However there were more tangible things to glean from the program as well. For whatever faults he may have, coach Hue Jackson came away as a sympathetic character having lost both his brother and mother over the course of just this last month, and still showing up for work every day and doing his level best not to inflict upon the rest of the team his obvious grief with which he was so understandably stricken. It displayed a mental toughness on the part of our embattled head coach that any casual observer - Browns’ fan or not, can absolutely appreciate.
It is my hope that this challenging state of mind contributed to the conduct he showed during the (what I consider to be) most important scene of the night (to the extent that any of this ultimately is important or noteworthy). In a meeting with his coaches, there is an exchange with new offensive coordinator Todd Haley, who has just spent the last several years trying to help the hated Pittsburgh Steelers make it back to the Super Bowl. Haley, who to my mind looked like the only one (or one of few) not playing to the cameras, was explaining how far behind the team currently is, and what’s going to be required to get better, speaking from his experience. The full exchange can be viewed here.
Hue’s reaction was quite troubling to me, as he essentially told Haley (in so many words) ‘I hear you, but I’m the boss’. Except, he then proceeded to continue on and on about how he was in charge, that it was ‘his bus’ and he was going to drive it as he sees fit. Now to me, the issue here isn’t the issue - as in the issue in question Haley was bringing up had to do with resting/playing players and how that affects their preparedness. All sorts of opinions abound on such things, but the bigger problem as I saw it was the way coach Jackson chose to handle the suggestion, which presumably is of the type of thing he brought Haley in to offer.
Pretty much in any walk of professional life, if you are the boss, you don’t have to tell anyone that you are the boss. They know. That Hue found it necessary to luxuriate on this point caused me to roll my eyes throughout the entire sequence. I chalk it up to him being bogged-down by the aforementioned personal challenges, but then it also occurs to me that perhaps other coaches/personnel have been making suggestions over the last two years which have been disregarded and subsequent time was then spent being lectured to about who’s in charge. It would certainly explain a lot.
First Preseason Game Goes About As Well As Could Be Hoped For
What Hard Knocks did for me as much as anything was to amp up the excitement for the first preseason game, particularly after it was announced that Baker Mayfield would be getting a great deal of the playing time. However first and foremost, the preseason game was a rollicking success in the one way that matters above all others: no injuries. Beyond that, there were plenty of real positives to take away, not just the final score of 20-10.
Starting QB Tyrod Taylor looked tremendous. He connected with Landry on a deep ball to start the game, and ended his night with a gorgeous TD pass to David Njoku. Can’t put too much into preseason games (after all Brandon Weeden looked excellent in the first two games of ‘13) but still you’d rather a guy look sharp than the other way around, and Taylor certainly was all of that.
However the really big deal, more than anything else by far, was the performance of Mayfield. How he would look in his first time against live-speed NFL players was of keen interest to all in Browns’ fandom (myself very much included). Unless you have just the most ridiculous of standards for rookies, he did not disappoint. In fact, what he displayed in his first time on the pro field was night-and-day from what we’ve seen from any rookie QB we’ve had in memory - and that is a LOT of QB’s.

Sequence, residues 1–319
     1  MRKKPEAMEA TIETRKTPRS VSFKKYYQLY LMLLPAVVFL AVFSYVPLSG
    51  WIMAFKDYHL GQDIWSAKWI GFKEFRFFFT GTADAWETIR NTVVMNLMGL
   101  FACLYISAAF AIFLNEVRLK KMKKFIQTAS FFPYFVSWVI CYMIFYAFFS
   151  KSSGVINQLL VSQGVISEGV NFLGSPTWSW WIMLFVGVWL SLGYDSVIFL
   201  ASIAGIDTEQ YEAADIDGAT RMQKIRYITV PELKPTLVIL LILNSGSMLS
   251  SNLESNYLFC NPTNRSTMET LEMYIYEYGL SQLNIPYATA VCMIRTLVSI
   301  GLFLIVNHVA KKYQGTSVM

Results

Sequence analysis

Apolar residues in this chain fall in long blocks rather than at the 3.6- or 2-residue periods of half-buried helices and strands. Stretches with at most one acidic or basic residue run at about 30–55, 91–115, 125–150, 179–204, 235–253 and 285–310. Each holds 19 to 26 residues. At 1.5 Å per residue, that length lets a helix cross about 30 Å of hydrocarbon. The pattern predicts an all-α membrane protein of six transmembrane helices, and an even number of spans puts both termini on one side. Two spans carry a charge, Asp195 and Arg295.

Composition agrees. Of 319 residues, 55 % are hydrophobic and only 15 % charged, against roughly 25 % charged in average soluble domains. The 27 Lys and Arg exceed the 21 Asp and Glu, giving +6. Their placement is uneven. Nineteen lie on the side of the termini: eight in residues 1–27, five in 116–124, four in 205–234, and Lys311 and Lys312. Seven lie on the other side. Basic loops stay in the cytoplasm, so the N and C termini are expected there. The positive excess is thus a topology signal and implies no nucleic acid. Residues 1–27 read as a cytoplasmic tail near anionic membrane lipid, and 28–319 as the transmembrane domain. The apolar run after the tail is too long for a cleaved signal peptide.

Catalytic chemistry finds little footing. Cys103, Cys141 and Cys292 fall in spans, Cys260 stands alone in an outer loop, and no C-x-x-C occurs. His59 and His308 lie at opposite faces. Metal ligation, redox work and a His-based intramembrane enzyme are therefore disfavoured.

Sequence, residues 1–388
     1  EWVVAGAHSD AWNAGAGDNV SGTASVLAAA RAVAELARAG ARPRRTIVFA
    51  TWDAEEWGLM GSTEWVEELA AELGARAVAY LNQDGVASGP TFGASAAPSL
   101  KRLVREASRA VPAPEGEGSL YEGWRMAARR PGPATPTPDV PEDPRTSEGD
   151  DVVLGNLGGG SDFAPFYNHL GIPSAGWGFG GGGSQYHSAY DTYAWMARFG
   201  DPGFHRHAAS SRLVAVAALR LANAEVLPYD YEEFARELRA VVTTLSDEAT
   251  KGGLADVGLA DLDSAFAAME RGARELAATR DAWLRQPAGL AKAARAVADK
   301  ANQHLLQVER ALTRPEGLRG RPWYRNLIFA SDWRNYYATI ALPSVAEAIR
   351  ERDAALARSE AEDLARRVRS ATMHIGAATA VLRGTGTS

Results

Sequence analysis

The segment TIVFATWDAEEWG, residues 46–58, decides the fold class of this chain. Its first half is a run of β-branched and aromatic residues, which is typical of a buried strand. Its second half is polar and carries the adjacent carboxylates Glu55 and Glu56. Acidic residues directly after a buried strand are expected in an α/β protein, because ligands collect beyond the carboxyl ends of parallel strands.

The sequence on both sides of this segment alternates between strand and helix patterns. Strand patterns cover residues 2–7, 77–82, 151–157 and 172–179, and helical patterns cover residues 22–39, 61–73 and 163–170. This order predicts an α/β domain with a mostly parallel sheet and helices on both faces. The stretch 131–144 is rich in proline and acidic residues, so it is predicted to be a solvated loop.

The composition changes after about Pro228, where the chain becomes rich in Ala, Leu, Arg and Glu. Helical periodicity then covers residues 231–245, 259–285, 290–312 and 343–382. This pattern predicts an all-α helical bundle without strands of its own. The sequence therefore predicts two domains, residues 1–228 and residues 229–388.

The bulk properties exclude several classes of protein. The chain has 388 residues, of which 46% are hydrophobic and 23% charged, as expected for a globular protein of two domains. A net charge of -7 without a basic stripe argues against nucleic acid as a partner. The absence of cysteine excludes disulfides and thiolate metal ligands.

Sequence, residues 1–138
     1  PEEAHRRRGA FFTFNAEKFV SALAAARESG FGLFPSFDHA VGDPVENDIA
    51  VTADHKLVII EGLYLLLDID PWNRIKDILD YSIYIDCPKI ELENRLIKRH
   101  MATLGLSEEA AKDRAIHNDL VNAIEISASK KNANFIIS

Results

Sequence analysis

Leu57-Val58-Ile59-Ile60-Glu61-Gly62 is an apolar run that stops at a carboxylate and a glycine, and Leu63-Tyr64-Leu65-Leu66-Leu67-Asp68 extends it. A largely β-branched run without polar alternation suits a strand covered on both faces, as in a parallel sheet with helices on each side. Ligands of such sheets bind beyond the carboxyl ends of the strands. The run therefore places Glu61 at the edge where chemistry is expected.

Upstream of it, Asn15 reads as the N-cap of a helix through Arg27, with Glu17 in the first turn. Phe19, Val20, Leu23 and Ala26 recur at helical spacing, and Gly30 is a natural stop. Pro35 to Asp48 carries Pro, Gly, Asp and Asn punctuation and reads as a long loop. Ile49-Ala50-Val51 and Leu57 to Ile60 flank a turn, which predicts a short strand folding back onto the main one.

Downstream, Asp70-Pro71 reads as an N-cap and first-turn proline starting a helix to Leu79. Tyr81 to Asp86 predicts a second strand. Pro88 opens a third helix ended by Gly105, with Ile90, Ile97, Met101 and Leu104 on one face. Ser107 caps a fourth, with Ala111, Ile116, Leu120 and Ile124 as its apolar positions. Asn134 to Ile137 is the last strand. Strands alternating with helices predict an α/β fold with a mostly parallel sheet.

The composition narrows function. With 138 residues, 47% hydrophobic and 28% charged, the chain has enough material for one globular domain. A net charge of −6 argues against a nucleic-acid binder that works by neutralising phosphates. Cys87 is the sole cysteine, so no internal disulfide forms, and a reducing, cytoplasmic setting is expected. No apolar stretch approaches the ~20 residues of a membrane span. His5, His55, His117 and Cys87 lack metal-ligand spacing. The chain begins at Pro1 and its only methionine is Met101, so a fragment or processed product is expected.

The stat line doesn’t bowl you over, but it should go without saying that judging these types of things goes well beyond boxscore-counting. The pocket presence, the going-through-progressions, the pre-snap reading of the defense, and yes the terrific accuracy were all on display. To be sure, there are areas for him to improve upon but there’s no reason to expect that they can’t/won’t be. What looks very clear to me is that what’s most important for success of an NFL QB - the stuff between the ears, Mayfield’s got it. Yes he’s also got the arm and mobility and all of that, but that he’s already operating at the level he’s at is very, very encouraging.
Which is ultimately where this week leaves me personally: encouraged. The head-scatchyess of the Coleman trade dissipates when looking at the performance on Thursday both of the rookie Callaway but also third-year pro Rashard Higgins, who was taken in the same draft as Coleman but five rounds later. Not to mention that, while the action was limited, nothing seemed too daunting for our new Left Tackle Joel Bitonio, even if the overall performance of the OL (particularly in the run game) left plenty to be desired. If what we saw on Thursday is indicative of his ability there, then that will be extraordinarily fortunate for us.
On balance, a GM that looks like he’s willing to discard players we had previously invested much capital in is not heartening, but in this case it may be a bit more understandable. Likewise, a HC who seems more interested in winning a self-created power-struggle also doesn’t lend much in the way of optimism, but again it’s probably not wise to draw that up-and-down conclusion without taking into consideration the totality of the life-pressure he’s currently enduring. What’s new, is that we have a quarterback on the roster who has the potential to offset both of these challenges (however substantive they actually are), and compel us to be winners anyway. In that sense, it was a great week, and there’s plenty to be excited about this one coming up.